Parents try to provide their children with healthful diets, and thus many avoid full calorie soft drinks because they re concerned about the sugar such beverages contain. Instead, they often turn to fruit drinks because everyone knows that fruits are healthy. An important fact about fruit drinks that parents may not be aware of is that such drinks contain only ten percent or less real fruit juice by definition.
And a new study published in Public Health Nutrition finds that parents are often unaware of the sugar content of fruit drinks, sports drinks and flavored waters. Christina R. Munsel and colleagues of the Rudd Center for Food Policy and Obesity (recently relocated to the University of Connecticut) evaluated the results of an online survey of nearly 1000 parents of 2- to 17-year-olds. Parents provided the categories and brands of sugary drinks they gave their children. In addition, they indicated which categories and brands they thought were healthy options. Ingredients of concern included caffeine, sugar and artificial sweeteners. Approximately one-third of participants reported that their purchase choices were significantly influenced by ingredient claims on package labels.
Eighty percent of the responding parents were women. Twenty-one percent of the children were 2-5 years old, 32 percent were 6-11 years old, and 47 percent were 12-17 years old. The investigators found that 88 percent of respondents rated all fruit juices as somewhat or very healthy, while only 5 percent put soda in the same category. Nearly half thought flavored waters were healthy, and over 25 percent put fruit drinks and sports drinks in that category. Not surprisingly, more parents who provided a particular category of beverage for their children thought they were healthy than parents who did not provide them - only 4 percent of parents questioned provided none of the categories of drink in question.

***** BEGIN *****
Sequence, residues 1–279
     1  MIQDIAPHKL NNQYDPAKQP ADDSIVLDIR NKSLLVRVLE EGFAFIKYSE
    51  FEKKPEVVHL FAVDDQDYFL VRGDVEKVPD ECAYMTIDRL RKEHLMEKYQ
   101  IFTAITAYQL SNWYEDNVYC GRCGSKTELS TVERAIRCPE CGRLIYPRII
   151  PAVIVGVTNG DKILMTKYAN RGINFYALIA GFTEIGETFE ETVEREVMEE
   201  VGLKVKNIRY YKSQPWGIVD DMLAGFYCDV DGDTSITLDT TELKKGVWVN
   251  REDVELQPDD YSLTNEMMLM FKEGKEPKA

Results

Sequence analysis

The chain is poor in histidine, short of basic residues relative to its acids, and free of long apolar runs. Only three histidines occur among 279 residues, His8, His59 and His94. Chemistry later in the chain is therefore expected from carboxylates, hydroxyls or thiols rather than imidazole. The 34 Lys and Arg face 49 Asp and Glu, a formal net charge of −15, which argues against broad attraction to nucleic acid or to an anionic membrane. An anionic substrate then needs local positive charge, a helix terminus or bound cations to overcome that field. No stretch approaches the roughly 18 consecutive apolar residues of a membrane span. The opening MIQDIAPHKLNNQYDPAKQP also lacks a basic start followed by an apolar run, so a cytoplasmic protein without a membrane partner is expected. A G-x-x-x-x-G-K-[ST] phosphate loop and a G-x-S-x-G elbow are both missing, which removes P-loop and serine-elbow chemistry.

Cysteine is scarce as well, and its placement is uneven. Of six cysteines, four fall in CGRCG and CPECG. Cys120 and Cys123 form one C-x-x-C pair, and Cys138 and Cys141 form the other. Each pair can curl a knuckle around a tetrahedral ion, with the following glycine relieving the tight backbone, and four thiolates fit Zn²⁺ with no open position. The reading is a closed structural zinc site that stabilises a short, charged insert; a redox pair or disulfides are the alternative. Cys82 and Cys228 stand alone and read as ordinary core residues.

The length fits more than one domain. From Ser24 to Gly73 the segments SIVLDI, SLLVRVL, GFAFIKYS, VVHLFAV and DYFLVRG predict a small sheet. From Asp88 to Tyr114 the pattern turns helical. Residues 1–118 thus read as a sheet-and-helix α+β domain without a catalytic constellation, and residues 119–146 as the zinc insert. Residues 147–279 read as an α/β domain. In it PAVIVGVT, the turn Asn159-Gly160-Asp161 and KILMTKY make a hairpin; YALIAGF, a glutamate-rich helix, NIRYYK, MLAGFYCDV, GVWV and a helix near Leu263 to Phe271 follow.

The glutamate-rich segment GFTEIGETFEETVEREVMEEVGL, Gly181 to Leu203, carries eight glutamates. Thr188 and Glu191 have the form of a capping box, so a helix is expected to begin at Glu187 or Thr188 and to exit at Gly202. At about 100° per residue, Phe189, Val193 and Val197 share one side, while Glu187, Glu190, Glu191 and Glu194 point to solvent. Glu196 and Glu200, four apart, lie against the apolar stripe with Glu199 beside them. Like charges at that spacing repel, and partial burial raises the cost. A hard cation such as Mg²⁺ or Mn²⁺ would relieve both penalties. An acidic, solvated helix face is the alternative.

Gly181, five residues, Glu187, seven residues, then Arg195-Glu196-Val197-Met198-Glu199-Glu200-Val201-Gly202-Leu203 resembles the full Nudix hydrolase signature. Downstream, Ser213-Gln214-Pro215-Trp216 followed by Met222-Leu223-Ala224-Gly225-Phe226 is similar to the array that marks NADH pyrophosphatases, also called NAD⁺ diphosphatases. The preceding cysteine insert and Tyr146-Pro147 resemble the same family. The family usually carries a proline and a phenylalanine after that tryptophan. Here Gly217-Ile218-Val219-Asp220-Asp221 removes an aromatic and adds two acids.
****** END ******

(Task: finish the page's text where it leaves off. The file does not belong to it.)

The researchers reported that misperceptions about fruit drinks were common 80 percent of parents with children under 12 years old said they provided their children with such drinks, even though these drinks contain the same amount of sugar on average as regular soda and typically contain 10% fruit juice or less. Further, parents were ten times more likely to consider flavored waters to be healthy and six times more likely to consider fruit drinks to be healthy compared with regular soda. Parents also relied on ingredient claims on packages to help them decide which drinks were healthy.
ACSH s Dr. Ruth Kava commented, While we don t believe that sugar per se is toxic for children, it is important to adhere to the adage, everything in moderation. Further, while sodas are vilified because of their sugar content, obviously parents are not aware that other sweetened beverages contain an equal amount of sugar. Thus, public health messages should certainly alert parents to these facts and emphasize that the truth about ingredients can be found on the back of packaged drinks, not in many of the claims on the front.